Covering the soil getting ready for SpringPosted in Category Organic Gardening | by Stephanie | Comments (0)
All around the garden new growth is slow to emerge this year. Snowdrops are a good month later than we would normally expect to see them in flower and the daffodils are only just beginning to peek through the soil. In the Kitchen Garden overwintering crops are surviving under their cloches and fleece covers, but showing no sign of new growth.
Last year during February we made our first sowing of parsnip seeds direct into the soil; following it up with a further sowing during March, as we have every year. This year however, with the recent extremely cold and wet weather, the soil is not warm or dry enough for us to contemplate sowing so early. This week we are going to cover the soil in some of our raised beds with fleece in an attempt to warm the soil up ready for sowing later in the month or early March, weather permitting. We will also cover the main bed where we will be planting our early potatoes at Easter. Covering the soil will prevent saturation from the rain and being frozen solid by the cold temperatures.
The ground has literally been frozen solid for most of the week, which has denied us a good dig over of the soil. Working on frozen or saturated soil is never a good idea, however we are really keen to turn the soil over to expose bugs and grubs to the birds and frosts. As soon as we get a dry, frost free day, the spade will be out! Inside the fruit cage we are hoeing regularly around the base of our fruit bushes to reveal any pests to the birds that are currently enjoying access to the fruit cage. This will continue until the first signs of flowers on the strawberry plants when the roof net will be swiftly replaced.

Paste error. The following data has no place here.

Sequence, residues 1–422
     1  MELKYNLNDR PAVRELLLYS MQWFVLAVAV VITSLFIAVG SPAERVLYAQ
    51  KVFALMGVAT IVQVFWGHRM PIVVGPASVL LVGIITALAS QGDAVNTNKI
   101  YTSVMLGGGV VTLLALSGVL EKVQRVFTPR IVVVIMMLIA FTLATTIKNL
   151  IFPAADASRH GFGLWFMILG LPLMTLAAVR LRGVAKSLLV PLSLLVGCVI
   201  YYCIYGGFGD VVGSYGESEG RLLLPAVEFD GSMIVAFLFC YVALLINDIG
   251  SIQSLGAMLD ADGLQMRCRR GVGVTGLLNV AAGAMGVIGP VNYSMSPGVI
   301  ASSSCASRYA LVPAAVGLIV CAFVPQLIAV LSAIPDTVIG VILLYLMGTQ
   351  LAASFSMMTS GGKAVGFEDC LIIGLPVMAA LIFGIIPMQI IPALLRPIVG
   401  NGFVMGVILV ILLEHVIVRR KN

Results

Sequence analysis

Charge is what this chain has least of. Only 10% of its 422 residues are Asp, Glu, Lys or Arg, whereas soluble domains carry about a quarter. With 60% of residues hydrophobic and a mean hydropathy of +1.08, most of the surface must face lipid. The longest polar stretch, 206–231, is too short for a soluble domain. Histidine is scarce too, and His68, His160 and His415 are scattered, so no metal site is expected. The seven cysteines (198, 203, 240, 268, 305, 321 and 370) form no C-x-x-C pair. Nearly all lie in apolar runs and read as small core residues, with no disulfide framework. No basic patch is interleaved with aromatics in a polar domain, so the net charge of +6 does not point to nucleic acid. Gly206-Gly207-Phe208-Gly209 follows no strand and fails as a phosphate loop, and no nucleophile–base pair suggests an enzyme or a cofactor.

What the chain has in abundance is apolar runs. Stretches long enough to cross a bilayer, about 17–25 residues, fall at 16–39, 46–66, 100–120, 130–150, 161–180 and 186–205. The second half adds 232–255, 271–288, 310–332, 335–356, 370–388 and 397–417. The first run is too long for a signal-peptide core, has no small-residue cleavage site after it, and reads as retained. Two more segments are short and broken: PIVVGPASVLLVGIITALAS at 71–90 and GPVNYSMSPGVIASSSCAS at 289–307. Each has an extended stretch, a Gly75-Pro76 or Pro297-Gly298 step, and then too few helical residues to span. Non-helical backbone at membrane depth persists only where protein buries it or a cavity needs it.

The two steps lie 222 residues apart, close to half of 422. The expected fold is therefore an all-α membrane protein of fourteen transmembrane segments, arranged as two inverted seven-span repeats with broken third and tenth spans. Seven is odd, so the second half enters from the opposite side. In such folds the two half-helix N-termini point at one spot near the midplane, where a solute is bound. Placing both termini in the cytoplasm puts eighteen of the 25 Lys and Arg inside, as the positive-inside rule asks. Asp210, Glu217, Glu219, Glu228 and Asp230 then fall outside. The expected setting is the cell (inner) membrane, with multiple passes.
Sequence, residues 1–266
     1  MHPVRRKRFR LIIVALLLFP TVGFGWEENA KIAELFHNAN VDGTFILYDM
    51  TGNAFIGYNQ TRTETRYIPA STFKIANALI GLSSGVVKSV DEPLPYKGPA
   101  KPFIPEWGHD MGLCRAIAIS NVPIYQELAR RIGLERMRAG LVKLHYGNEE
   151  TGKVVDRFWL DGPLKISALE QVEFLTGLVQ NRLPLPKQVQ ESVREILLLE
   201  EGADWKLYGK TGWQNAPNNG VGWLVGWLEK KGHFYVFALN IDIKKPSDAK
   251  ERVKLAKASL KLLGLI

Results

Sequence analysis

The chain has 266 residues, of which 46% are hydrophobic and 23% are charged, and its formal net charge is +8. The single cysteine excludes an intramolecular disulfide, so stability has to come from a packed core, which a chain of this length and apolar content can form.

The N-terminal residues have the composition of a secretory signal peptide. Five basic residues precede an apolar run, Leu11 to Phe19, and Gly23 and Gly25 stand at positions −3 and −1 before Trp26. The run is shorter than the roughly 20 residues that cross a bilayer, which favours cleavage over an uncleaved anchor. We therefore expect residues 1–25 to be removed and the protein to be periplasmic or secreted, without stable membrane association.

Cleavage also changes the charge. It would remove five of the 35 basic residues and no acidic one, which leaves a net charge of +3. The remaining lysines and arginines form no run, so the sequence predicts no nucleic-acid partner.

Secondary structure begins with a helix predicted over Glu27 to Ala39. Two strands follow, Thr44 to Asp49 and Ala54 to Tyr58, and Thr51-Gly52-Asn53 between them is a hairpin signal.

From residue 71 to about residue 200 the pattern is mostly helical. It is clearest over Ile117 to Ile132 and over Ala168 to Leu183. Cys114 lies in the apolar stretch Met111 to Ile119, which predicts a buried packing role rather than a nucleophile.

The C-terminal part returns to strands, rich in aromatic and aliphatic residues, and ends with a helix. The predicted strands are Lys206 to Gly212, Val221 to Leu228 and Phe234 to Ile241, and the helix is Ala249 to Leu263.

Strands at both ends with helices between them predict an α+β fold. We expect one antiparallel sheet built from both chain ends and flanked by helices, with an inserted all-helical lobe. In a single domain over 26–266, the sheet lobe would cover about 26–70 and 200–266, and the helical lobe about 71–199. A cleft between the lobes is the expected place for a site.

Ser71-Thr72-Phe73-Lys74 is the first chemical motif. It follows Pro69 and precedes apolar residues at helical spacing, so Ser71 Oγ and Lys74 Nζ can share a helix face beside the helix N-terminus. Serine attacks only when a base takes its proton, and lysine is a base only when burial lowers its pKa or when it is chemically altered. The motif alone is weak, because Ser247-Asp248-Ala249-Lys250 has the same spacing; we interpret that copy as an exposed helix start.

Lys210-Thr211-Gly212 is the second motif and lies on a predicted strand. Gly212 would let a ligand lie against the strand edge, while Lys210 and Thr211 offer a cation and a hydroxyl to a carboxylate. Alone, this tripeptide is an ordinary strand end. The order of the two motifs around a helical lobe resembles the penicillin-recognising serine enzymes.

Mother Nature is firmly in charge of the garden at the moment, limiting what we can do with the conditions she is creating. Inside the greenhouse is a different matter and it is here that we can cheat a little by creating a warm environment for our overwintering tender plants and new seedlings. It is a sanctuary that we can escape to on the darkest, coldest day and pretend that we have fast forwarded to Spring. Thank goodness for a greenhouse heater and heated propagator – every gardener should have one.